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    Thailand Expat raycarey's Avatar
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    i would guess that somewhere near 99% of what the NSA has intercepted isn't salacious enough for the average citizen to warrant publication

    btw, there's been a lot of recent hand wringing out this story.

    what did people assume the NSA was doing?

    i'm not saying that i approve of it, because i don't....but for christ's sake, this is what NSA does...and it's not like they just started doing it yesterday.

    if you want to abolish the NSA, i'm all for it....but you can't fund and staff a super secret spy agency and then get your panties in a twist because they're spying.

  5. #5
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    Yes, but they're supposed to be spying on the enemy, not their own people. Unless of course....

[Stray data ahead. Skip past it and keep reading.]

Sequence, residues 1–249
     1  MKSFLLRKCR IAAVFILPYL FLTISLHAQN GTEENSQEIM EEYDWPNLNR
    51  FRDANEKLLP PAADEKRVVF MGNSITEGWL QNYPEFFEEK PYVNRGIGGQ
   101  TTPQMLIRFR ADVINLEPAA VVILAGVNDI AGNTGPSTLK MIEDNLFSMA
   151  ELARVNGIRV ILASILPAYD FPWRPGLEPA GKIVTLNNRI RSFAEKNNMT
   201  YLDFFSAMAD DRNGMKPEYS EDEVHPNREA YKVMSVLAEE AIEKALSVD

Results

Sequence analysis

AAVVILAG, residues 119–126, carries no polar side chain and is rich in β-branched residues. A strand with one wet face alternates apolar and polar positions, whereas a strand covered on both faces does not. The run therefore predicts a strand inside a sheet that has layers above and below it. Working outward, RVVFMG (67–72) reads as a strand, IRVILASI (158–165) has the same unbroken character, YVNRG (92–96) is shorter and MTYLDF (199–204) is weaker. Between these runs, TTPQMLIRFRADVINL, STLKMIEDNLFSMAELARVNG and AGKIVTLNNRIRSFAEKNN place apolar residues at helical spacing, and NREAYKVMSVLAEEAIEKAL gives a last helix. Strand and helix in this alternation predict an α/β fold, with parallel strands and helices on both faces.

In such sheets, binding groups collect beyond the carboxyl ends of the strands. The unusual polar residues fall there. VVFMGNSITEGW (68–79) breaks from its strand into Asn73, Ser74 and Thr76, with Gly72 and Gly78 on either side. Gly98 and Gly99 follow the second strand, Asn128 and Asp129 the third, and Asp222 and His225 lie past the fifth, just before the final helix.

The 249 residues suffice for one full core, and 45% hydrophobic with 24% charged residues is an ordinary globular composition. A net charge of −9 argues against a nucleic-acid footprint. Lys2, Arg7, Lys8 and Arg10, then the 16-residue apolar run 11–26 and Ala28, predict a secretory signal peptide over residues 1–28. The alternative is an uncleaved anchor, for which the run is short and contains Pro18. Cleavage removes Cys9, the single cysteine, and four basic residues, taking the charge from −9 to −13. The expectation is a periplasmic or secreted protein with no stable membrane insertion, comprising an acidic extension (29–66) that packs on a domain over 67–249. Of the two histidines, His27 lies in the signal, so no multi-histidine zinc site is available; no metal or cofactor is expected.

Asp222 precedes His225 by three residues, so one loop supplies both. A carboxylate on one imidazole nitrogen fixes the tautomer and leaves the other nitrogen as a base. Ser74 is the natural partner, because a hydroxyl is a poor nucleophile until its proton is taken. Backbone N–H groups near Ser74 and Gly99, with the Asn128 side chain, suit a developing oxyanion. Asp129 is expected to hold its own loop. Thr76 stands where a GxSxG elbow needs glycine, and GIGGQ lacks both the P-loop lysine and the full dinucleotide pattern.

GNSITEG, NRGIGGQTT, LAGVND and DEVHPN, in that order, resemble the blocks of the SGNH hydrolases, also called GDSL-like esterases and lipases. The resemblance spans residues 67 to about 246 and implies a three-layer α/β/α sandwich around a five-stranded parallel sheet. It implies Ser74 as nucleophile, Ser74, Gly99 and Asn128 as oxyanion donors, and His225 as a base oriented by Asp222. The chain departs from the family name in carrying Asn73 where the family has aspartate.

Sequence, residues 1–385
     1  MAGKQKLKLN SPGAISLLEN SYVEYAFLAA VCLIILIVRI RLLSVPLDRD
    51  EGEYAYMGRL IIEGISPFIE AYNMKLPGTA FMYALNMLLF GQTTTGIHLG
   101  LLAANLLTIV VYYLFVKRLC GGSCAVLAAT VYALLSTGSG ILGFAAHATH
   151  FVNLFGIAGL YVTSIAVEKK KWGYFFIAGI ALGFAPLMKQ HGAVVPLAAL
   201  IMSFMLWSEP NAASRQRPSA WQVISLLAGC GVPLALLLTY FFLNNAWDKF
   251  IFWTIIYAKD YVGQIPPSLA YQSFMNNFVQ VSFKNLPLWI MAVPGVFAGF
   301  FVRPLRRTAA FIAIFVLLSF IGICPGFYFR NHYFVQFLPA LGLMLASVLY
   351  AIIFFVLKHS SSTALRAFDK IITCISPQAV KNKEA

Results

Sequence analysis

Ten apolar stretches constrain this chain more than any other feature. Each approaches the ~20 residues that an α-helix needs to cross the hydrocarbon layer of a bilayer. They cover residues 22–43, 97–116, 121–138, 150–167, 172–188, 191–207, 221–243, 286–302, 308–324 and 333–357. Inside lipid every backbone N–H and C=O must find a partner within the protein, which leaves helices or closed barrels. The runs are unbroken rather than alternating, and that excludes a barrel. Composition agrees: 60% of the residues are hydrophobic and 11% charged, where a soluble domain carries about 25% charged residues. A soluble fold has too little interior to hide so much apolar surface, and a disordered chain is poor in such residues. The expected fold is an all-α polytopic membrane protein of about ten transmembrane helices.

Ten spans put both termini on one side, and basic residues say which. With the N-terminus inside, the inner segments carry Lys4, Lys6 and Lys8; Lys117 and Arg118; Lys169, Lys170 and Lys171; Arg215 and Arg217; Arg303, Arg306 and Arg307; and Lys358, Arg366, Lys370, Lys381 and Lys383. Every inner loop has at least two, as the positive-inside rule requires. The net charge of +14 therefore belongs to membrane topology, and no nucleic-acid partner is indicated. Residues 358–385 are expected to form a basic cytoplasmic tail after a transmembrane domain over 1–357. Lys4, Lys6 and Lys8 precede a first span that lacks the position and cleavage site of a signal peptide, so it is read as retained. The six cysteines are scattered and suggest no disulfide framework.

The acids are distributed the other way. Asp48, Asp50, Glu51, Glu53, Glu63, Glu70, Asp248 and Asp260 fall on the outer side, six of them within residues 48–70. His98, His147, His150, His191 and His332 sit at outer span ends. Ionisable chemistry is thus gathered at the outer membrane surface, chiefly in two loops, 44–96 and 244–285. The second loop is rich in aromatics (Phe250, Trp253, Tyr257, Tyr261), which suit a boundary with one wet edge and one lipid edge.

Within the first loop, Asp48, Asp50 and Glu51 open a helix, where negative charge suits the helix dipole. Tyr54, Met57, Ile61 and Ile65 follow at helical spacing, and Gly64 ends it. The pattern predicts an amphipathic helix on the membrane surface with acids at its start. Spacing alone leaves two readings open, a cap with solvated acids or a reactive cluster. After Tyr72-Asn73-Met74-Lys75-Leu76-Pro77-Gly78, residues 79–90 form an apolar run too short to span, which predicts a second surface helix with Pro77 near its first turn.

6. #6
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    Quote Originally Posted by harrybarracuda
    Yes, but they're supposed to be spying on the enemy, not their own people. Unless of course....
    ...we are the enemy?

  7. #7
    Thailand Expat raycarey's Avatar
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    Quote Originally Posted by harrybarracuda
    Yes, but they're supposed to be spying on the enemy, not their own people.
    i have no idea what's in the NSA's charter (i would guess that not many people do) but whatever is in there, i'm sure it's ambiguous enough to allow spying on US citizens.

  8. #8
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    The NSA is an American government agency dealing in security matters, and as such falls within the auspices of the CiC who is at liberty point it at his perceived enemy.

    You never know, Obama might get it in his head that NASA, the National Aeronautics and Space Administration, is better suited to Muslim outreach.

    <gulp> I must be a racist!

  9. #9